Greetings form the famous room N101 at the Australian National University in Canberra, where Professor Steve Blackburn is speaking on "Electronic Exams" (video now available).
Steve pointed out that the ANU Research School of Computer Science have
been conducting on-line examinations for a decade. This has focused on a
Linux environment for testing computer programming, but Steve suggests
the procedures could be applied more broadly for other disciplines.
Steve pointed out that Moodle had also been used for on-line examinations. I conducted such an examination in a RSCS lab in 2007 for a short course on Electronic Document Management. This was a small group and one invigilator was used to ensure the students only used the specified websites. As Steve pointed out, securing Moodle for a large scale examination is problematic.
UTas/UQ have a project for electronic examinations on BYOD devices "Transforming Exams". Steve mentioned some of the complexities in this approach.
Steve decided to use a browser based electronic examination which mimics the look of a paper based examination. The web pages use persistent storage, javascrpit, CSS and other standard web features.
A sample of the exam is available. The examination web page has the color and layout of a paper examination form at ANU. Interestingly, while intended for a specific desktop environment, because the web page uses standard and straightforward code, it displays reasonably well on a mobile device. Also an accessibility test reported only one known problem (title missing). This suggests the examination would be suitable for those with a disability.
One interesting point is that the 2015 electronic examination was designed based on the 2014 paper one. Steve commented that students complained that students found the electronic version too hard and too long, compared to the paper equivalent. Also students had lower marks for the electronic than paper examination. He suggests this may be because students would sketch on paper, whereas they are encouraged to immediately work on the detail in the electronic form. One of the audience commented that the expectations of examiners may be higher with electronic examinations, as the limitations of handwriting are not there. Steven suggests this needs some rethink of question design and practice examinations.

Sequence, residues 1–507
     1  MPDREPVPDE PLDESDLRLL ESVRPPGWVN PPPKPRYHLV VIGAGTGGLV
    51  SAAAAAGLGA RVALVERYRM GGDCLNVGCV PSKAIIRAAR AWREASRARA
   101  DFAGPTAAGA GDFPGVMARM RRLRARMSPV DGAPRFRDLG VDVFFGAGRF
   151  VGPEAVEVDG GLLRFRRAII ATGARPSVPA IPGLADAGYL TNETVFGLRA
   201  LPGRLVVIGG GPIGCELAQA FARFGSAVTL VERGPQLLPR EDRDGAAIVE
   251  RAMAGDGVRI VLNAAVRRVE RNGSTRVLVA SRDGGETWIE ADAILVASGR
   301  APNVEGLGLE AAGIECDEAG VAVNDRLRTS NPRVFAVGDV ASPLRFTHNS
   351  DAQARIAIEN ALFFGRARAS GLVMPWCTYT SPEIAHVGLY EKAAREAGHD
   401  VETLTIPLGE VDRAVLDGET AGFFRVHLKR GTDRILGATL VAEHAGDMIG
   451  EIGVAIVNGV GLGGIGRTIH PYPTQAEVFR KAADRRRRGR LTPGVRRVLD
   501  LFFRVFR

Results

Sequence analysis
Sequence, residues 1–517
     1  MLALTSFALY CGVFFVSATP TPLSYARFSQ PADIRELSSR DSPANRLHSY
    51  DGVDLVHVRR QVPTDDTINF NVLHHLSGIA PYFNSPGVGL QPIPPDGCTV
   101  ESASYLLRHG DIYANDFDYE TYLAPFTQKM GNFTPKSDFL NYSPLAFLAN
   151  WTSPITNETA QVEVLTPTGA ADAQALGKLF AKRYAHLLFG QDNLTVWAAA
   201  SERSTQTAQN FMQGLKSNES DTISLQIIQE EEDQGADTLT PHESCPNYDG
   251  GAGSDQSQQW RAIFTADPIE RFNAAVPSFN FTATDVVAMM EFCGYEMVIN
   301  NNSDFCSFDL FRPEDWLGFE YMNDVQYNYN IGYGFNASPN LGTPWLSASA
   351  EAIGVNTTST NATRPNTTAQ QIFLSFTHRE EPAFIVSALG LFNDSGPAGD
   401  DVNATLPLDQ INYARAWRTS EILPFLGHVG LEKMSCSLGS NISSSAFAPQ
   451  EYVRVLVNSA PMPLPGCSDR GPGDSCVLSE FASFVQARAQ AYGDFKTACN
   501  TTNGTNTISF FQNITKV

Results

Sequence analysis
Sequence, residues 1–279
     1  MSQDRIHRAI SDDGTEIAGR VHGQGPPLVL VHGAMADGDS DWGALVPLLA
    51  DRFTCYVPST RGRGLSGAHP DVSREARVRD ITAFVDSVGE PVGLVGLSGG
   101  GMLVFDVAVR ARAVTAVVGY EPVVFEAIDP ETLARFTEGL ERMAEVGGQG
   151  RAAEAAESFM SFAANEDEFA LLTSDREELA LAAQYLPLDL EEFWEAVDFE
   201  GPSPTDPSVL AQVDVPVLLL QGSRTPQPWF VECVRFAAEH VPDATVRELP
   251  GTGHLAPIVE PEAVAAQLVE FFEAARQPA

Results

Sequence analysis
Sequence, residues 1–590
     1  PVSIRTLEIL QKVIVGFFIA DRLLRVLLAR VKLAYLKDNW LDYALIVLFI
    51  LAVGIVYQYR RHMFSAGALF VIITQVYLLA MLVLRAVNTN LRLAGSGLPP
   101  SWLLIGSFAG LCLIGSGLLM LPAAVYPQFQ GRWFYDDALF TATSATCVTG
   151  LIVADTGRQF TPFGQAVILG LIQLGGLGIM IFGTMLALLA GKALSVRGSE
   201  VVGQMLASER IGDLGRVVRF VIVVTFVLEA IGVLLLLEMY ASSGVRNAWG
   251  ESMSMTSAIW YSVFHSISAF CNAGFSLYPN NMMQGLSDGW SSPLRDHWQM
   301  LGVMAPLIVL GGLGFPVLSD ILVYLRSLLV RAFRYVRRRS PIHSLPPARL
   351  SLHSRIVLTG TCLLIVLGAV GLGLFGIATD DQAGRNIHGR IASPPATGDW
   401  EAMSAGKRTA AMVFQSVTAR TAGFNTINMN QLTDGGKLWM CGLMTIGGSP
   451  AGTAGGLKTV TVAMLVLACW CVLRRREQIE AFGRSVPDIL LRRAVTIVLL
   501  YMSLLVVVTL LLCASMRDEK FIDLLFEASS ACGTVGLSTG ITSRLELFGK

Steve commented that this was being presented as an example of practice not as something claiming to be groundbreaking research. Clearly the audience did not agree with this and suggested it was worthy to be shown at the Australasian Computer Science Week of Conferences (ACSW 2016), being hosted at ANU, 2 February 2016.
One issue electronic examinations raises is: why have examinations at all? If the
students are using on-line systems day-to-day, then why not use this for
assessment? One issue raised by the audience are the accreditation requirements of external agencies. However, I suggest there are ways to satisfy these requirements and in some cases the assumed impediments are not real. As an example, in 2009 when I set out to design a fully on-line course at ANU, some commented that this would not meet the university rules for accession, as every course had to have an "examination". A check of the rules showed this was not the case: courses do not have to have examinations and where there are examinations these need not be on paper.
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